Chinese export and import growth holds up better-than-expected in October
Chinese export and import growth held up better than had been expected last month, with the former boosted by companies attempting to front-run US tariffs which were set to come in at the start of 2019.
Exports rose at a year-on-year pace of 15.6% in October, better than Septemeber's 14.4% rate and ahead of economists' forecast for 11.7%.
Imports were also better than anticipated, growing at a clip of 21.4% over the year, versus 14.5% in September (consensus: 14.5%).
Analysts were divided on to what extent price increases, particularly for commodities, had contributed to the pace of gains, although for Freya Beamish at Pantheon Macroeconomics, inflation-adjusted export and import growth remained weak.
"Nevertheless, oil import volumes bounced back after remaining flat m/m in September, contributing strongly to the headline," she said.
For his part, Louis Kuijs at Oxford Economics pointed out that exports to the US were 13.9% higher year-on-year, helped by "robust" demand, although shipments to the US lagged those to other geographies.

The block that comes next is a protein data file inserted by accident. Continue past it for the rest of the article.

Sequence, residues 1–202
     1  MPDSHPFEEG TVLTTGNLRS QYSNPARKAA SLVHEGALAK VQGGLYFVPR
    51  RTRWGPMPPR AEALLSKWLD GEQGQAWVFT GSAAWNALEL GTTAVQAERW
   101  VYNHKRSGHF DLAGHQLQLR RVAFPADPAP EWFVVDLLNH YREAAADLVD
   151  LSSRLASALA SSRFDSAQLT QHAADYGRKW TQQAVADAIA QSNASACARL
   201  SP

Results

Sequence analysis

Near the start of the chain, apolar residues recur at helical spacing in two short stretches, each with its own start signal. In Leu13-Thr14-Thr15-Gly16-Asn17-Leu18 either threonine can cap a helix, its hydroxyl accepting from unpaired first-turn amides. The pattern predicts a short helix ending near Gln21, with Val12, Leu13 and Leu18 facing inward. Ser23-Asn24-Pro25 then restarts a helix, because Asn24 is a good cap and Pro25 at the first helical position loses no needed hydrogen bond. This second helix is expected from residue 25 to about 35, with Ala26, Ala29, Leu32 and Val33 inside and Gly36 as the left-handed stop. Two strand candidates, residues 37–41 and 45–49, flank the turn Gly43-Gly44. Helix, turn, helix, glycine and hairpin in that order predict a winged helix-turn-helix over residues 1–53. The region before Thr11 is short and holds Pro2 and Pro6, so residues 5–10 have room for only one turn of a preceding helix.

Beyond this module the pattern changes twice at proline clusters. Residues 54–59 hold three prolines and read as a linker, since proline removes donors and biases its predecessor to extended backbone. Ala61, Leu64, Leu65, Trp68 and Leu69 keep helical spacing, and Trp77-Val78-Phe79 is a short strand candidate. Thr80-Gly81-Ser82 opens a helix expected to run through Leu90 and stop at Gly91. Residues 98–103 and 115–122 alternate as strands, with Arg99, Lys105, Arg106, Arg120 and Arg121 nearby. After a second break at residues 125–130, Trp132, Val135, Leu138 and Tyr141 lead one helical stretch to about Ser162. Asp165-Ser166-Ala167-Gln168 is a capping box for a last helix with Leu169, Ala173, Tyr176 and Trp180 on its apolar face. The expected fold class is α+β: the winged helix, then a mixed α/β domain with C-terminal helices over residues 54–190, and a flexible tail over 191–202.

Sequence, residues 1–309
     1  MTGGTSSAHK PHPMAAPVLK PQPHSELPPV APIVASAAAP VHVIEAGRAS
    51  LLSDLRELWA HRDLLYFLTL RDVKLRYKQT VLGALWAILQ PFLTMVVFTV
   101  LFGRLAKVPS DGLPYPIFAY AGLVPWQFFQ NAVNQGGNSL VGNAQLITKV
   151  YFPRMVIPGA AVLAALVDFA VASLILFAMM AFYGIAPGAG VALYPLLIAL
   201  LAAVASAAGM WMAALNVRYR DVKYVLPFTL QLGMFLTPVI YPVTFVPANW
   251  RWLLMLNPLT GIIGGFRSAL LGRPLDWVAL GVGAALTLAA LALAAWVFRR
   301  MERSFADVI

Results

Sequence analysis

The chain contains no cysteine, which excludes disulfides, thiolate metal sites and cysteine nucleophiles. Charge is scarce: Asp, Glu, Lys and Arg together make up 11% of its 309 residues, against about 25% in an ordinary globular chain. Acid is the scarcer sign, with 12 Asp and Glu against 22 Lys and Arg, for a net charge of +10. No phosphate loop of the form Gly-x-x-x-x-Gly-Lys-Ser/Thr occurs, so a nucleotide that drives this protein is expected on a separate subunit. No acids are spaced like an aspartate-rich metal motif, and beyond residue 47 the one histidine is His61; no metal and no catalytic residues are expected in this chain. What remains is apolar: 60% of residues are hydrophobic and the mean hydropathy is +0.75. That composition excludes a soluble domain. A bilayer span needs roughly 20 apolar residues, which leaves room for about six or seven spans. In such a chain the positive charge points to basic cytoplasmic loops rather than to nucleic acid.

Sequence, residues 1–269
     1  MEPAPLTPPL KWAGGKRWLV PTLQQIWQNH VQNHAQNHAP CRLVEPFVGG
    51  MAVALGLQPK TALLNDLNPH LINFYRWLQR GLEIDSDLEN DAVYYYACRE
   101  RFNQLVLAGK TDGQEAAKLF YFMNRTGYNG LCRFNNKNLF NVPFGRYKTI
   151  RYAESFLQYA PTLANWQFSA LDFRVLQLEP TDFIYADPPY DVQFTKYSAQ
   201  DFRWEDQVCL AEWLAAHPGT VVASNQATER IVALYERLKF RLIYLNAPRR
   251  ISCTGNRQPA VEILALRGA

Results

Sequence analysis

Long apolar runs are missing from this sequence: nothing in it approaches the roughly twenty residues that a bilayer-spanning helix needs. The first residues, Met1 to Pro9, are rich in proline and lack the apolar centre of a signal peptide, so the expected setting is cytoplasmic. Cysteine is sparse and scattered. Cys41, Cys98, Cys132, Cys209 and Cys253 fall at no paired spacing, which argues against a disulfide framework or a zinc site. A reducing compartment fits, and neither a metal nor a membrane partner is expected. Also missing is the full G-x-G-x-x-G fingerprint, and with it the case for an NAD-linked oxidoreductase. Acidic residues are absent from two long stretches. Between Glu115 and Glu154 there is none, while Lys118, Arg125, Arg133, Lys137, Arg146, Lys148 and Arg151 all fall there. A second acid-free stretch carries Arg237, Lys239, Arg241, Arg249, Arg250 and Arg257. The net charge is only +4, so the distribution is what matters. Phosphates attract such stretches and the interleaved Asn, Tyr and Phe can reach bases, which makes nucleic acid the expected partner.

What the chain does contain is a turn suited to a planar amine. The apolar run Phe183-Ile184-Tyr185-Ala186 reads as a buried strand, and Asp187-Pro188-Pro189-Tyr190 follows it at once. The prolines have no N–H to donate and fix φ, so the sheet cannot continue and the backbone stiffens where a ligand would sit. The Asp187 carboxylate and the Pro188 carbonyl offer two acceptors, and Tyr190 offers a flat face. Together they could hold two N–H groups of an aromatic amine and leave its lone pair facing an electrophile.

Imports from the US on the other hand were down by 1.8% year-on-year.
Nevertheless, the data also suggested that global demand might be holding up better than feared with the the Chinese currency's recent depreciation also helping matters, he said.
"The increase in overall import momentum is surprising, given the signs that China’s domestic economy has started to slow," Kuijs added.
"However, the October trade data underscores that, as China’s domestic economy continues to grow substantially faster than that of its trading partners, its imports tend to outpace exports. We expect this trend to continue in the coming years, aided by the trade conflict with the US and reduction in Chinese import tariffs. Indeed, we expect China’s current account surplus to virtually disappear this year."